Winter, unless it comes with plenty of snow and cold, crisp, sunny days with blue skies, isn’t useful for much.
The worst type of winter is the one that offers near-perpetual downpour, grey skies, short days and around-zero temperatures. That, incidentally, is the type of winter we have in Belgium – and indeed in most of the northern part of continental Europe.
Now, spring is never quite as far away here as it is back home in Norway. Still, the next two months will offer plenty of time and opportunity to reflect on the Belgian winter relative to that of other places; places that this winter will remain out of bounds.
I lived in Arabia for some years. There, I learned of another winter; a winter of pleasant temperatures, clear skies, perpetual sun, deserted beaches and indoor ski slopes.
So, as I ushered out 2020 by paying tribute to the nature of Belgium, I will work myself through the Belgian winter by reminiscing over warmer, sunnier days on the Arabian peninsula.
Initially, it had been my intention to spend only four weeks working in the United Arab Emirates. But, as time passed, one project turned into another and another until at the end of four years I was still there.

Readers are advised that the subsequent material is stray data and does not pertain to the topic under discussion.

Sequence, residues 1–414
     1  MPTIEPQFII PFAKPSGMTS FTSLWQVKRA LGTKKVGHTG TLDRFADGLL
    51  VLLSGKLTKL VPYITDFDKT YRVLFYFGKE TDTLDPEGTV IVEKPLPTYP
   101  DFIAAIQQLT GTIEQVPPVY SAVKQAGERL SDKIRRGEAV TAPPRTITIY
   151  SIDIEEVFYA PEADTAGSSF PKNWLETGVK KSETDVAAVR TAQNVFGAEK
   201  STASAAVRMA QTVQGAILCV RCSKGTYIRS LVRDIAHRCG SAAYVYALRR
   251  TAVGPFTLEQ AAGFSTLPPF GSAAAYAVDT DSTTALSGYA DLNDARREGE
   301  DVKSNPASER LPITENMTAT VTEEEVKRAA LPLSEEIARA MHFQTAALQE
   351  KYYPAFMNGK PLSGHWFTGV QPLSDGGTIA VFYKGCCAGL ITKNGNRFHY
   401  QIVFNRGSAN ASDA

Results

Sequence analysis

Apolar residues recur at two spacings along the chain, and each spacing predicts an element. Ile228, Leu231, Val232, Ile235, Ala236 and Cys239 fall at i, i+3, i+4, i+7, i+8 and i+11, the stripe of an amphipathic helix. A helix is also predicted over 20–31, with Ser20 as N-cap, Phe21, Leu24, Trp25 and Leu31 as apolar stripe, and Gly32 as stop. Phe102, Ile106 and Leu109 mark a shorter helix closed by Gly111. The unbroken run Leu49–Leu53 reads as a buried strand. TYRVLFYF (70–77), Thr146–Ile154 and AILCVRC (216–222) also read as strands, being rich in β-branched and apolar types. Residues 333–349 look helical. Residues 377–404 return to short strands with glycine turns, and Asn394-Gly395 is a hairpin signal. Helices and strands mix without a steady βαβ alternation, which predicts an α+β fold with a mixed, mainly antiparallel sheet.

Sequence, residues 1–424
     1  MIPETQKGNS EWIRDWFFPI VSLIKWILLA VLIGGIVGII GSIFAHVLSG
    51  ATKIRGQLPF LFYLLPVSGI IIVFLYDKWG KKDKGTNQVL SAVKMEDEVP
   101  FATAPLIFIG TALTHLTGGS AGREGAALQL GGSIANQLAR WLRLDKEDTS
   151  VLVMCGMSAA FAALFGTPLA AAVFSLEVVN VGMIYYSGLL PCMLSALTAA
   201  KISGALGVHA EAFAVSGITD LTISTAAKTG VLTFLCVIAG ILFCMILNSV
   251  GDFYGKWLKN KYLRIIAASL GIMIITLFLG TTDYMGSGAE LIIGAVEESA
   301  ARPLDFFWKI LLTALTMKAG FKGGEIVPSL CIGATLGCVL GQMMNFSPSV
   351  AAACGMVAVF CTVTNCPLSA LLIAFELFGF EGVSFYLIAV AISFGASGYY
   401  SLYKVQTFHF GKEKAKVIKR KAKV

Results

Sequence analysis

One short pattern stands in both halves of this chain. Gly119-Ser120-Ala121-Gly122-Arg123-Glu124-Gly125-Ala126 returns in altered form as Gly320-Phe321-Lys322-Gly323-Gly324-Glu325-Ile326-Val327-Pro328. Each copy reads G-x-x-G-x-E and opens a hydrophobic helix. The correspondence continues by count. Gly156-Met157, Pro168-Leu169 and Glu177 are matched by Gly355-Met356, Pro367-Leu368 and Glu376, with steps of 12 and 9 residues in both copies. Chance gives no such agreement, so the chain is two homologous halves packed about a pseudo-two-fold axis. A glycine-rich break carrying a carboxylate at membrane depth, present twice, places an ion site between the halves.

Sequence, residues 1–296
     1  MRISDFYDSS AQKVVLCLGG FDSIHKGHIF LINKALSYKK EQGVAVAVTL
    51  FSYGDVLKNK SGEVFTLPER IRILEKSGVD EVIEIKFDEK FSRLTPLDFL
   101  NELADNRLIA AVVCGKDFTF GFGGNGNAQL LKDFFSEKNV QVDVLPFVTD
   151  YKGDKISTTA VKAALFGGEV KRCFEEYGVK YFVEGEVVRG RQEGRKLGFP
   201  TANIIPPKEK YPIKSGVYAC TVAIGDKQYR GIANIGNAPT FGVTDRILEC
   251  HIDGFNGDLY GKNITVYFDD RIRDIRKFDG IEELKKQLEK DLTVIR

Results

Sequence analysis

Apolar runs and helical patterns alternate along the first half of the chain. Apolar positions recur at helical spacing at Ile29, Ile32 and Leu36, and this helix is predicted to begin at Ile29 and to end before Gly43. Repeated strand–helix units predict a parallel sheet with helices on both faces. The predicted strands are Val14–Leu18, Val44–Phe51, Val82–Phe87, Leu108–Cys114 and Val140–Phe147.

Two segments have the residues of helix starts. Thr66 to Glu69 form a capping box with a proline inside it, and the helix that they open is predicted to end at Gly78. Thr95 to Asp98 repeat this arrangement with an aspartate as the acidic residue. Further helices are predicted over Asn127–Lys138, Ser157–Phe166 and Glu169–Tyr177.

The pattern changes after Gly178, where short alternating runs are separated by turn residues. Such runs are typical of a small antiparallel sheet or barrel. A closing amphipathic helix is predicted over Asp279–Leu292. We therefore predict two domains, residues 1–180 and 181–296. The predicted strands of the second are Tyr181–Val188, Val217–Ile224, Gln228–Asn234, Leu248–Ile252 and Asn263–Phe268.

It was the nature that fascinated me the most about the Emirates. And, when talking about nature in Arabia, the mind quickly turns to the desert.
Desert is not the only type of nature in the Emirates, as I shall proceed to demonstrate over the next days and weeks—but admittedly the most prominent.
For that reason, I will start in the desert, with a sunrise view from the top of one of the vast sand dunes that mark the start of the Rub’ al Khali—the Empty Quarter—of the great Arabian Desert.
The sand dunes here are two-three hundred meters tall, creating an ever-shifting mountain landscape of red, orange, yellow, brown and grey sand that is set on fire by the sunrise and the sunset.
So, right now, while the rain is drizzling down on the Belgian winter dawn, join me here, albeit, for the moment, figuratively rather than literally.